“When you single out any particular group of people for secondary citizenship status, that’s a violation of basic human rights.”
- Jimmy Carter, an American politician, philanthropist, and former farmer who served as the 39th president of the United States from 1977 to 1981.
The Citizenship (Amendment) Act, 2019 was passed by the Parliament of India on 11th December 2019. It amended the Citizenship Act of 1955 by providing a path to Indian citizenship for illegal migrants of Hindu, Sikh, Buddhist, Jain, Parsi, and Christian religious minorities, who had fled persecution from Pakistan, Bangladesh and Afghanistan before December 2014.
Muslims from those countries were not given such eligibility. The act was the first time, where religion had been overtly used as a criterion for citizenship under Indian law.
Who is an illegal immigrant?
According to the Citizenship Act (1955), an illegal immigrant is defined as a person who enters India without a valid passport or stays in the country after the expiry of the visa permit. Also, the immigrant who uses false documents for the immigration process.
Let me give you a simple example, which will help you to decide the rationality of the aforesaid act. Assume that your parents gave you a house to stay by yourself. After a few years of living, a stranger (homeless) seeks to take shelter in your house temporarily, stating some kind of hardship and as such, you decide to give him shelter in your home but only temporarily. Due to some ‘x’ reasons, he does not leave your house for subsequent years, at the same time, you allow the person to keep on using some of the household utilities. After a few years, your parents (who are the owners of the house), hears about the hardship of the homeless person and decides to treat him just as he treats you, i.e. as his own child. So, what happens as a result is, now he is entitled to the shares the same/equal rights and privileges that you posses and also at the same time is allowed to use the house as much as you do, as such, all the utilities of the house is now used by you as well as him and as such, for sure, there will be a shortage of utilities so used by both you and that other person. Subsequently few more homeless persons take shelter, the same way, and again your father considering their hardship keep accepting them just as a child as you are to him. Now, keeping this example in mind, what would be the end result, at last, the utilities, resources and privileges that you posses would keep on decreasing simultaneously as they are being allowed to stay in the house and utilize the resources equally.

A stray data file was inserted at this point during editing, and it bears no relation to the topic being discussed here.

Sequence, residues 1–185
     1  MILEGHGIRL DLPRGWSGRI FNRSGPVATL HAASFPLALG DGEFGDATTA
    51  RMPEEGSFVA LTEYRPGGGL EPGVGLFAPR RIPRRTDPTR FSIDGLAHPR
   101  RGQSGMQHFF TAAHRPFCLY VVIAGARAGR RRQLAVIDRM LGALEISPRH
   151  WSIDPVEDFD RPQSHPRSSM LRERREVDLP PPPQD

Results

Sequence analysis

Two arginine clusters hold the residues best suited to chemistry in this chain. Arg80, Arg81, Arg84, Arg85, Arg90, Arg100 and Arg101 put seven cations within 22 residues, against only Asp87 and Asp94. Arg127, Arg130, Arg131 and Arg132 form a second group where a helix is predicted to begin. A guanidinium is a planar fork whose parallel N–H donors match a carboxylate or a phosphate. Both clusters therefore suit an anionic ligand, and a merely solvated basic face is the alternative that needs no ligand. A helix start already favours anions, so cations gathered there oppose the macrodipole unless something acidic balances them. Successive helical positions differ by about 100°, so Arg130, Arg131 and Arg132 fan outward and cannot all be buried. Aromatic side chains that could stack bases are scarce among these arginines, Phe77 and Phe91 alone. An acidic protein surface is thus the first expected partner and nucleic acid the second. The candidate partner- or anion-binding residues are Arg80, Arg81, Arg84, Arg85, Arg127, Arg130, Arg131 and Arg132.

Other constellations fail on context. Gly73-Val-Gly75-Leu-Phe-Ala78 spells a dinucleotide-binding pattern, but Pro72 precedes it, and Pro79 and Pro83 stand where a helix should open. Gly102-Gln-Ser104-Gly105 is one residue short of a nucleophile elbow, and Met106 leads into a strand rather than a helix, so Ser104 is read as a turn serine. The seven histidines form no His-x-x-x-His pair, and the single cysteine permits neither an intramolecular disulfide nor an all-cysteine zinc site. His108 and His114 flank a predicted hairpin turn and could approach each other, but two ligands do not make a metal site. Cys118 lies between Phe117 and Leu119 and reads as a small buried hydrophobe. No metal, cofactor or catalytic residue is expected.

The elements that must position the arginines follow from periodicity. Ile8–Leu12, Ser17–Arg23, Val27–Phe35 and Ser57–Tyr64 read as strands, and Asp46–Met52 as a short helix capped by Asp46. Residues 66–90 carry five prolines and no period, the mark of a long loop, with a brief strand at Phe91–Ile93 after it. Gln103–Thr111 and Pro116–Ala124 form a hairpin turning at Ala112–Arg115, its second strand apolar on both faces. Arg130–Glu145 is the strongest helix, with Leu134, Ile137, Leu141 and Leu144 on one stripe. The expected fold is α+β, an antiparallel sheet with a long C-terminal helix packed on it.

Taking the same aforesaid situation but a different situation, let’s say your parents tell you that only the ones who have suffered religious hardships will only be allowed and specifies the religions which he will consider to be allowed to stay in the house with you. As such, you will definitely question this decision of your father on the basis of religion, as you would not want anybody, irrespective of any religion to be accepted and allowed to stay, use and utilize the house as their own.
Now, to conclude the example, keeping the aforesaid two situations in mind, assume your parents as the Parliament of India, your house being your state, the strangers (homeless persons) being illegal immigrants and your parent’s allowance of the strangers to stay in your house, as the Citizenship (Amendment) Act, 2019.
Why was the state of Assam fuming?
- The Amendment Act violates the Assam Accord signed with Centre in 1985.
- Assam being a bordering state is highly vulnerable to illegal immigrants from bordering country, namely Bangladesh.
- Illegal immigrants pose a serious threat in preserving the cultural and ethnic identity of the people of Assam.
Firstly, Under Assam Accord of 1985, foreigners who had entered Assam before March 25, 1971 were to be given citizenship. Religious persecution was no consideration. The rest had to be expelled, i.e, immigrants who had entered after March 25, 1971, therefore, the amended Citizenship Act has shifted the cut-off date for granting citizenship from 24th of March 1971 to 31st of December 2014 – that is, by 43 years nine months and seven days. The protesters see this as a move by the Centre to go back on their promise made to protect their Assamese cultural identity.
The issue of illegal immigrants is old in Assam as it is a bordering Indian state to the country of Bangladesh, as such, the state of Assam has always been highly vulnerable to illegal immigrants flooding from the bordering country of Bangladesh. Therefore, granting citizenship to any such illegal immigrant, irrespective of their religion, will pose serious threat to the cultural identity and ethnicity of the people of Assam.